# This is review for me, but something is going awry

1. Apr 22, 2010

### Jamin2112

1. The problem statement, all variables and given/known data

Find the solution of the following initial value problems:

(a) y'' - 2y' + 5y = 0, y(π/2)=0, y'(π/2)=0

2. Relevant equations

Just know to "guess" y=Cert, how to bring in Euler's formula, and that sin(x) is odd while cos(x) is even

3. The attempt at a solution

Guess: y= ert

-----> r2ert - 2rert + 5ert = 0
-----> r2 - 2r + 5 = 0
-----> (r-1)2 = -5 + 1
-----> r - 1 = +/- √-4
-----> r = 1 +/- 2i
-----> y = et( C1(cos2t+isin2t) + C2(cos(-2t)+isin(-2t)) )
-----> y = et( C1cos2t + C1sin2t - C2cos2t + C2isin2t)
-----> y = et(K1cos2t + K2sin2t), where K1, K2 are new constants to represent (C1 - C2), (iC1 + iC2)

But then come the initial conditions!

0 = eπ/2K1(-1)
2 = K1eπ/2(-1)+ 2K2eπ/2(-1)

It just seems like a ghey problem if K1 disappears

Last edited: Apr 22, 2010
2. Apr 22, 2010

### Dick

Looks good so far. Did you mean y'(pi/2)=2? What's so hard about the initial conditions? What are sin(pi) and cos(pi)?

3. Apr 22, 2010

### Jamin2112

Oh, and another one.

y'' + 2y' + y = 3e-t

I'll find the homogenous solution first. The characteristic polynomial is r2 + 2r + 1 = 0 -----> r = -1, a repeated root ----> The homogenous solution is (C1 + C2t)e-t.

Now I'll guess a second general solution, C3e-t.

------> C3et - 2C3e-t + C3e-t = 3e-t
------> 0 = 0.

Fork! So is the homogeneous solution all? Just for the heck of it, I tried y(t)=(At2 + Bt + C)e-t, but to no avail; there doesn't seem to be a polynomial that can be multiplied by e-t without my getting 0=0.

Where should I go from here?

Last edited: Apr 22, 2010
4. Apr 22, 2010

### Dick

There is an inhomogeneous solution of the form (At^2+Bt+C)*exp(-t). You just missed it.

5. Apr 22, 2010

### Jamin2112

Well, yeah.

y(t) = C1etcos2t + C2etsin2t -----> y'(t) = et(-C12sin2t + C1cos2t + 2C2cost + C2sin2t).

So,
0 = C1eπ/2cos(π) + C2eπ/2sin(π)
2 = -2C1eπ/2sin(π) + C1eπ/2cos(π) + 2C2eπ/2cos(π) + C2eπ/2sin(π)

----->

2 = -C2eπ/2

----> y(t) = -e-π/2etcos2t

Last edited: Apr 22, 2010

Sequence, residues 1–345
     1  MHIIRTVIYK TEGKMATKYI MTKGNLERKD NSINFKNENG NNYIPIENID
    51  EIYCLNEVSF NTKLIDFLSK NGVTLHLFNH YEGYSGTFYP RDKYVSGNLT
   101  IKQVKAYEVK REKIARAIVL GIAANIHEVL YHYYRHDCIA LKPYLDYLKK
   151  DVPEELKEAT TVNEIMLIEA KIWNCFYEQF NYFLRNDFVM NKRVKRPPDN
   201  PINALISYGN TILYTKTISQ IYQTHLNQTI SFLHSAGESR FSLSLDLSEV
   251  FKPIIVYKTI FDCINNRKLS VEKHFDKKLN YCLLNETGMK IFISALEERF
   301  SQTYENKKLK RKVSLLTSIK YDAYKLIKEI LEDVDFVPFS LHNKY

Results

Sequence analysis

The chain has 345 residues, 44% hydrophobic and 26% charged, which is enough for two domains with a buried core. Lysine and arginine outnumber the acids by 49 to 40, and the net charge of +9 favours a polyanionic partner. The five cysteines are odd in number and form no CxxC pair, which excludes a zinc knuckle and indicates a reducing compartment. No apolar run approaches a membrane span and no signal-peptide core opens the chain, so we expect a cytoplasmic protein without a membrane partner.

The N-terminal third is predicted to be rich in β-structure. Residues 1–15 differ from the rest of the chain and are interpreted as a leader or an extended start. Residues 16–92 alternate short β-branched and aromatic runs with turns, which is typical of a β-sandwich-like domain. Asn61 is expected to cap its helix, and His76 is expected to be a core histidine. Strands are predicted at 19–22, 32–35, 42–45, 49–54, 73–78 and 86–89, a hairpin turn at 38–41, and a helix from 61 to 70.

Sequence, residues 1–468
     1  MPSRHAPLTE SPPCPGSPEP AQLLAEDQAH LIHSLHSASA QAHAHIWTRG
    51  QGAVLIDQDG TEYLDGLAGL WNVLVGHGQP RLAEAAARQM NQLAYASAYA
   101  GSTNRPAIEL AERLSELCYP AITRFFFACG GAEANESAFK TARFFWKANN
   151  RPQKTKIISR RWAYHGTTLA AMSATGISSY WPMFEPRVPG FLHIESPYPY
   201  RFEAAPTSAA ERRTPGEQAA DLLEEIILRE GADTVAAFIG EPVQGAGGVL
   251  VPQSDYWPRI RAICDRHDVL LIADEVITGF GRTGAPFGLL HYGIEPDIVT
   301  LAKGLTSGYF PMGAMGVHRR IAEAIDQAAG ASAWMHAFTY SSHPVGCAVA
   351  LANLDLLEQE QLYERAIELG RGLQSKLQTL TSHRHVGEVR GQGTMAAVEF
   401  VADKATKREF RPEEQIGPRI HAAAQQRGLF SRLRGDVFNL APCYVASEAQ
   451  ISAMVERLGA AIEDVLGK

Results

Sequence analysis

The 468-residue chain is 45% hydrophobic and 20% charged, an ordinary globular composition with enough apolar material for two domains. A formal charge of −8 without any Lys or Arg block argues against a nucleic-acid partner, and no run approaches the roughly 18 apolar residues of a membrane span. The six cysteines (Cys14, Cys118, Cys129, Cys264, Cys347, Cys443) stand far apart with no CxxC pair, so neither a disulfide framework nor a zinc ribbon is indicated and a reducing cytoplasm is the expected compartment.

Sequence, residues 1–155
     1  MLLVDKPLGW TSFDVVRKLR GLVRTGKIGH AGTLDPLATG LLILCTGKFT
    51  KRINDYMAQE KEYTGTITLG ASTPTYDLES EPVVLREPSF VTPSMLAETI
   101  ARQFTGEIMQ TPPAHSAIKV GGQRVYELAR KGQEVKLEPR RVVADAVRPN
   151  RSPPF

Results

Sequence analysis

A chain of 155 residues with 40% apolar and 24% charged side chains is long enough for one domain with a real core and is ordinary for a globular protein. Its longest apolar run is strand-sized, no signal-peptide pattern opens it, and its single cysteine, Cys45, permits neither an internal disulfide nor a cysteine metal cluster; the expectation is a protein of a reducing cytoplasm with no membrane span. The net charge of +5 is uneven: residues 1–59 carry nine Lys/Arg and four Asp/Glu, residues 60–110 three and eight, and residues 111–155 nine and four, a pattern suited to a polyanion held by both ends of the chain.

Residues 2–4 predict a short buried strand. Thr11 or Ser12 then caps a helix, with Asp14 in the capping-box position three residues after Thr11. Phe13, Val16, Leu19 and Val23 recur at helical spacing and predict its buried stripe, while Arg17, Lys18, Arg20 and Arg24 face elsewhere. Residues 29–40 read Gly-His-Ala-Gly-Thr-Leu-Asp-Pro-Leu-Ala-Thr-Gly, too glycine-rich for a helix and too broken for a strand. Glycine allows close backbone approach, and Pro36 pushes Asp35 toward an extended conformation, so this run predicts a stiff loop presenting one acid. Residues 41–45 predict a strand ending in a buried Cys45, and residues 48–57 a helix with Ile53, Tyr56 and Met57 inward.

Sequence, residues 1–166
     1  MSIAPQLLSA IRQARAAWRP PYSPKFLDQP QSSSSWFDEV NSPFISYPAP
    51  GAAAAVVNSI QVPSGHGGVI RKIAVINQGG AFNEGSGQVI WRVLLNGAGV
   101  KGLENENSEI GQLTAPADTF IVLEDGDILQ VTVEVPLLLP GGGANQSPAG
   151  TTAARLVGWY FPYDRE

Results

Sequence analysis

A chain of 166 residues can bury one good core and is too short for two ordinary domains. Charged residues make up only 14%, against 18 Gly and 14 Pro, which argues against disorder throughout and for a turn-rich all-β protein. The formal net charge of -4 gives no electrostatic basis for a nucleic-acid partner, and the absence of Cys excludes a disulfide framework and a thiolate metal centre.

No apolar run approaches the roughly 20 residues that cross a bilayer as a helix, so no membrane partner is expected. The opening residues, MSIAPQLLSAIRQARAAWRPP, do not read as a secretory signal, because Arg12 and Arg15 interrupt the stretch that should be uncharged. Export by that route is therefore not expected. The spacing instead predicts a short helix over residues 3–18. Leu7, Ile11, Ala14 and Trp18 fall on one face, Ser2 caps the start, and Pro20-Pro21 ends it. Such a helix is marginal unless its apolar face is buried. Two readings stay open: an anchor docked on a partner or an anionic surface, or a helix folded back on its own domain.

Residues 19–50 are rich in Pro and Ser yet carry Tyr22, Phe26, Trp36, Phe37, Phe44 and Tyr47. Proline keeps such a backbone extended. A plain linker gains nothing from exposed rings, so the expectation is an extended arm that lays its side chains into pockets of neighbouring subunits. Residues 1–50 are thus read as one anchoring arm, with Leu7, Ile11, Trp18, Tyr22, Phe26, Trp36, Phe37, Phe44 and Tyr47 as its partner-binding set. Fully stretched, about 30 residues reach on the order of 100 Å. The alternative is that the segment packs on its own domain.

6. Apr 22, 2010

### Jamin2112

Allow me to demonstrate.

y(t) = At2e-t + Bte-t + Ce-t
----> y'(t)= -At2e-t + 2Ate-t -Bte-t + Be-t - Ce-t

----> y''(t)= At2e-t - 2Ate-t - 2Ate-t + 2Ae-t + Bte-t -Be-t - Be-t + Ce-t

-----> At2e-t - 2Ate-t - 2Ate-t + 2Ae-t + Bte-t -Be-t - Be-t + Ce-t + 2*[ -At2e-t + 2Ate-t -Bte-t + Be-t - Ce-t ] + At2e-t + Bte-t + Ce-t = 3e-t

Everything on the left side cancels out!

7. Apr 22, 2010

### Dick

Yes, what's wrong or 'ghey' about that?

8. Apr 22, 2010

### Jamin2112

I'm used to easy system of equations in these problems.

Something like

0 = C1 + C2
2 = 3C1 - C2,

not something with eπ/2

9. Apr 22, 2010

### Dick

Look, you can forget about the B and C parts. You should KNOW they are going to cancel. They are part of the homogenous solution. Are you really going to make me check that? I will ask you, what cancelled the 2*A*exp(-t)?

10. Apr 22, 2010

### Dick

exp(pi/2) is just another constant. Doesn't make it any harder than a constant like '3'.

11. Apr 22, 2010

### Jamin2112

Let us see.

y(t) = At2e-t,
y'(t) = -At2e-t + 2Ate-t,
y''(t)=At2e-t - 2Ate-t - 2Ate-t + 2Ae-t

------------>

At2e-t - 2Ate-t - 2Ate-t + 2Ae-t -2At2e-t + 4Ate-t + At2e-t = 3e-t

----------> A = 3/2

I think I finally got it. What a ghey problem.

WAIT! Now I have the homogeneous solution, in which the coefficients are undetermined, PLUS one another e-t with a determined coefficient. How does that work? What was the point if (3/2 + C1) could just be merged into a new constant?

Last edited: Apr 22, 2010
12. Apr 22, 2010

### Dick

I would stop saying 'ghey'. I don't think it's universally appreciated. You can't absorb the inhomogeneous solution into the homogeneous solution by adjusting a constant. You are just being sloppy again.